Flooding defined in class was high water level in a stream, lake or ocean that may damage human facilities.
Landslide in San Antonio, Polopo
A landslide in this picture caused by water and slope angles is a downslope movement of mud, sand, rocks.
May 31, 2010 Couple days after Storm Agatha a sinkhole appeared in Guatemala City. This sinkhole could have been form by a drain that slowly saturated the surrounding soil for a long time just before Tropical Storm Agatha came long and dumped excessive water that broke the sewage pipes and caused the final collapsed. The hole is 60 feet wide and 300 feet deep. It swallowed a three story building and an intersection.
Right were the arrow points is a missing building and an intersection
Sinkhole seen from above
Conclusion (Personal Reflection):
I learned that a return period when a volcanic eruption is going to happen can be estimated from geologic evidence of past eruptions but prediction of when is actually going to happen is still not exactly known.
With increasing population volcanic risk also increases. Since most of volcanic locations are known, life loss may be minimized with prediction and evacuation plans.
I also learned that consequences of Hazards may be minimized by; proper land used and engineering evaluation of construction sites if is done before construction, but they cannot be always be avoided.
I learned that the best thing to do for a natural hazard is to prepare, write a list of what to do and what to not do. In many cases is best to choose your own personal plan.
Since Guatemala was aware of the Storm coming I knew that if I were to be there I would personally evacuate the area as soon possible.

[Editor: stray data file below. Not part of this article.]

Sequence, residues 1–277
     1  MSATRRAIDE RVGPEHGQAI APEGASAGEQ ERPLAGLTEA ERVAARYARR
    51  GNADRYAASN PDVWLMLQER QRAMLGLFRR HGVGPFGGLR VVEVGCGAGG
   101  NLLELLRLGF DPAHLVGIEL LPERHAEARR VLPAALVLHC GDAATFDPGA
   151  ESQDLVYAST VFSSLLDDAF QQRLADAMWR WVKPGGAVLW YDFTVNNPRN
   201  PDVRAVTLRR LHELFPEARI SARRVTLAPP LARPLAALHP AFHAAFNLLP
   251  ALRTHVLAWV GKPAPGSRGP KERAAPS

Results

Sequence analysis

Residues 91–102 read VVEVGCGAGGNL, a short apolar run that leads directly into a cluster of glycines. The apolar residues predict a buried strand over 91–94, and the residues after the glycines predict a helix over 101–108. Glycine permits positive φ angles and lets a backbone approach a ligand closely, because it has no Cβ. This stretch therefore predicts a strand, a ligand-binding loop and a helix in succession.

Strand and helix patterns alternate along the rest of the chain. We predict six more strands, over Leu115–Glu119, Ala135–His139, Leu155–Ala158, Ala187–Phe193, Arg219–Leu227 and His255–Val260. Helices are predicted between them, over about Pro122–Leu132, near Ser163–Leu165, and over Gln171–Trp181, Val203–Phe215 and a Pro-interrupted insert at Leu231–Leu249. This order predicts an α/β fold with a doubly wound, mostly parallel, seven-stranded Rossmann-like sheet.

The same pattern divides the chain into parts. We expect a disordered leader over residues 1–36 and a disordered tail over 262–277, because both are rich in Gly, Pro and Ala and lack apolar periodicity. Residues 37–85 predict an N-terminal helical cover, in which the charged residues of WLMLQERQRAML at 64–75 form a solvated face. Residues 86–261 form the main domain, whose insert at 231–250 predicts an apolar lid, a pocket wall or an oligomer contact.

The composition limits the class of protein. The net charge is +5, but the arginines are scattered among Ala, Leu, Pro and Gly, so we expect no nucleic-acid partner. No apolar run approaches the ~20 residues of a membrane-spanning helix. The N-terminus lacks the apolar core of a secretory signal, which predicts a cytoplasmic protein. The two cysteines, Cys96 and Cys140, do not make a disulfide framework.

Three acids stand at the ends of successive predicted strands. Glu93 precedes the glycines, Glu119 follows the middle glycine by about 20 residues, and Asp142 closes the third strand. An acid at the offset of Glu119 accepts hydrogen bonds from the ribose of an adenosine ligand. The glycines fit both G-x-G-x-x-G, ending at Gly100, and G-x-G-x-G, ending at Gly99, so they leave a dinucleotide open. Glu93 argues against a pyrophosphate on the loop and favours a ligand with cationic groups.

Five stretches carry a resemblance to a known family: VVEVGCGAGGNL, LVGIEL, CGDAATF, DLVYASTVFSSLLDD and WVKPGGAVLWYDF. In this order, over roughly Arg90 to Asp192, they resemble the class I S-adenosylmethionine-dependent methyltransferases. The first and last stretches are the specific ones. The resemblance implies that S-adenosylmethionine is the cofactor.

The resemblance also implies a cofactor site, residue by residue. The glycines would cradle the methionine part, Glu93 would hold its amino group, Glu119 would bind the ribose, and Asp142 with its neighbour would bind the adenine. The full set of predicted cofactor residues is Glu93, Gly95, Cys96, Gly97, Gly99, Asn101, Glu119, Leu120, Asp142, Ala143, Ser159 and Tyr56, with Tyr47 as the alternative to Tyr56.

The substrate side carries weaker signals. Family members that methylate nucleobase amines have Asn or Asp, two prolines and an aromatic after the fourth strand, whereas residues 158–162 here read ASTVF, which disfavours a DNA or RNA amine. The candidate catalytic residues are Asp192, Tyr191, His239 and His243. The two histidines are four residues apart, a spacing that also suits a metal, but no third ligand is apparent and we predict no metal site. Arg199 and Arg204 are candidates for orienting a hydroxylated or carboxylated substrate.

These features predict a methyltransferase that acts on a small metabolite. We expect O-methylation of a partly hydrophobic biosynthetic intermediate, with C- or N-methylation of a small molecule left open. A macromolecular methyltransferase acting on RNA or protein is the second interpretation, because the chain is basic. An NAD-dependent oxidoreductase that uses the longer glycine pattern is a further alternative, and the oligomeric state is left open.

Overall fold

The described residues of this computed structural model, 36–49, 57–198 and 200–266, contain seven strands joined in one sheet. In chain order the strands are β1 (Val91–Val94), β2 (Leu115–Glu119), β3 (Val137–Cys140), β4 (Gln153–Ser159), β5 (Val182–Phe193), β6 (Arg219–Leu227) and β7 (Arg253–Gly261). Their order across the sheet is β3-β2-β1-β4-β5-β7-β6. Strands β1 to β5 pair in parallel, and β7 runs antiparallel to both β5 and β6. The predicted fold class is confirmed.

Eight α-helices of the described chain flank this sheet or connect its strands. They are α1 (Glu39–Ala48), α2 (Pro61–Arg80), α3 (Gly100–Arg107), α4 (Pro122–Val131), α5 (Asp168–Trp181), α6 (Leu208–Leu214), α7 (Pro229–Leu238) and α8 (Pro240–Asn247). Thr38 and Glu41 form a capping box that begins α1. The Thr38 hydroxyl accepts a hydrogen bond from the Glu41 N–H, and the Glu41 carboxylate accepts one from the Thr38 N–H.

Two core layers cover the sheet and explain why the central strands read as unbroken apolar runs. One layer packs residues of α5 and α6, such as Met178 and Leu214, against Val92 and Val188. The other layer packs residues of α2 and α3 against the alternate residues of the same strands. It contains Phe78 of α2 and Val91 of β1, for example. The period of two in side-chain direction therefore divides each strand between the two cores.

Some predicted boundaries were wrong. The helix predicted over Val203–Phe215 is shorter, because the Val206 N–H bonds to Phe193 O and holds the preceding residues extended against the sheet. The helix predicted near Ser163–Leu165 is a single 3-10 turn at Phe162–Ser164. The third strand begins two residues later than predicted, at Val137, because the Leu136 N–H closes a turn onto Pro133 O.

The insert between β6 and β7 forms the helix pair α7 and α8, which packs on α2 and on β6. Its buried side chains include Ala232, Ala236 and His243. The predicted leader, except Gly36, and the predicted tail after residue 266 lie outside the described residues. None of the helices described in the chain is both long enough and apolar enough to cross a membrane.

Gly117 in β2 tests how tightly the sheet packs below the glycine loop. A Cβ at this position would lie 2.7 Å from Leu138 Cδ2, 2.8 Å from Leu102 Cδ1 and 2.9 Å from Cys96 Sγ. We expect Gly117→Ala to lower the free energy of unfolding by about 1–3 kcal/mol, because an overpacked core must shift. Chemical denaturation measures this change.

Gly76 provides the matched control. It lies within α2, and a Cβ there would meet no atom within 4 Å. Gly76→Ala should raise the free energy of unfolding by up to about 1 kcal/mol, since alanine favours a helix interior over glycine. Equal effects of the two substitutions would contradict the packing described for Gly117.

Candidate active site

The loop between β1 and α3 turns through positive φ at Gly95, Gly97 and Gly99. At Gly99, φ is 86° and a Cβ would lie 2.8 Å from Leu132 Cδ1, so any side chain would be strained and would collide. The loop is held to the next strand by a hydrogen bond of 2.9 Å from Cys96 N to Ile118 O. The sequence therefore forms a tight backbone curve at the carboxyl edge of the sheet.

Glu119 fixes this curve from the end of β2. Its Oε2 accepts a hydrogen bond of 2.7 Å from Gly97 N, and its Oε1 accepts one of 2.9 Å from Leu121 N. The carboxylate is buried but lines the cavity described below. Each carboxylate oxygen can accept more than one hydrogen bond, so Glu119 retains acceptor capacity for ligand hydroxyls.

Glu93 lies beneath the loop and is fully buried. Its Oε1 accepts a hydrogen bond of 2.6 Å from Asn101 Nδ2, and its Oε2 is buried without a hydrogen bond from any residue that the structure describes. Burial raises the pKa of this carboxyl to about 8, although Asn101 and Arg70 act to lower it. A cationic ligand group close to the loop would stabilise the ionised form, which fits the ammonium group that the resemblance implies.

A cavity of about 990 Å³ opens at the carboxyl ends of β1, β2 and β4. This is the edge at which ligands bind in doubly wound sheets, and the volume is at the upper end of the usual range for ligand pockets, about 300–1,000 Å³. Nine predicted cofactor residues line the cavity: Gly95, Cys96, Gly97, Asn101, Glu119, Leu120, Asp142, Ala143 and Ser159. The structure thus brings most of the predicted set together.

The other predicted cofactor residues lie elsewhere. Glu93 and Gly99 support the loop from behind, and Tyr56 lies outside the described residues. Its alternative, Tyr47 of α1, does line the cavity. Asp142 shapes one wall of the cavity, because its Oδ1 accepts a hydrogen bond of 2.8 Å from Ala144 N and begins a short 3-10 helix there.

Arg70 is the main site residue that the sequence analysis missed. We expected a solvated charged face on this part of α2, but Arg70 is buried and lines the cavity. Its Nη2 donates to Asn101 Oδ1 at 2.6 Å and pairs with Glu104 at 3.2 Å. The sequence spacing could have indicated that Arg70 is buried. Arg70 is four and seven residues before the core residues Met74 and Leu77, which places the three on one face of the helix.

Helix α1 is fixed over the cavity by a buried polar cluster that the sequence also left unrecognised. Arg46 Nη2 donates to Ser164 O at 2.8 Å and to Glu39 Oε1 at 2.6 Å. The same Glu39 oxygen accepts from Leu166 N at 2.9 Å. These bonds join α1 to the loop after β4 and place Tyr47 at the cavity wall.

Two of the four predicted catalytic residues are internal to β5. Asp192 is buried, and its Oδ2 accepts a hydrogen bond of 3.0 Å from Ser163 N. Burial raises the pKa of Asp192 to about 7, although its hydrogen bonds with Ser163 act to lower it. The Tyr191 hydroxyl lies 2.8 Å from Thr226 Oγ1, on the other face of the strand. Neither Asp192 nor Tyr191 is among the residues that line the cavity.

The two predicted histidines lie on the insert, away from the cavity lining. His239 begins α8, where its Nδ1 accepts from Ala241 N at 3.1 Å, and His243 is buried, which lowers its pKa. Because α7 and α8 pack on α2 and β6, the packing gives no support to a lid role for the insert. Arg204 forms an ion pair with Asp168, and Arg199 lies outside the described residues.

Keller, Edward A., Robert H. Blodgett, and Duane Edward. DeVecchio. Natural Hazards: Earth's Processes as Hazards, Disasters, and Catastrophes. 3rd ed. Upper Saddle River, NJ: Pearson, 2012. Print.
Hayley.Lake Atitlán.November 16, 2012.San Marcos la Laguna, Guatemala. March 17, 2013 Wagner, Joni. May 28, 2010. Guatemala Volcano ‘Pacaya’. March 17, 2013. "A Rough Week for Guatemala." Boston.com. The Big Picture, 2 Jan. 2010. Web. 17 Mar. 2013. <http://www.boston.com/bigpicture/2010/06/a_rough_week_for_guatemala.html>. "Pacaya." Wikipedia. N.p., 22 Feb. 2013. Web. 17 Mar. 2013. <http://en.wikipedia.org/wiki/Pacaya>. "Lake Atitlan Guatemala Tropical Storm Agatha Update San Antonio Palopo Landslide Lake Atitlan Guatemala Landslide at San Antonio Polopo Ã¢ÂÂ Travel & Mayan Ruins in Mexico and Guatemala." Travel Mayan Ruins in Mexico and Guatemala. Mayan Trip, 2010. Web. 17 Mar. 2013. <http://mayantrip.com/lake-atitlan-guatemala-agatha-update-san-antonio-polopo/landslide>. Than, Ker. "Sinkhole in Guatemala: Giant Could Get Even Bigger." National Geographic. National Geographic Society, 01 June 2010. Web. 17 Mar. 2013. <http://news.nationalgeographic.com/news/2010/06/100601-sinkhole-in-guatemala-2010-world-science/>.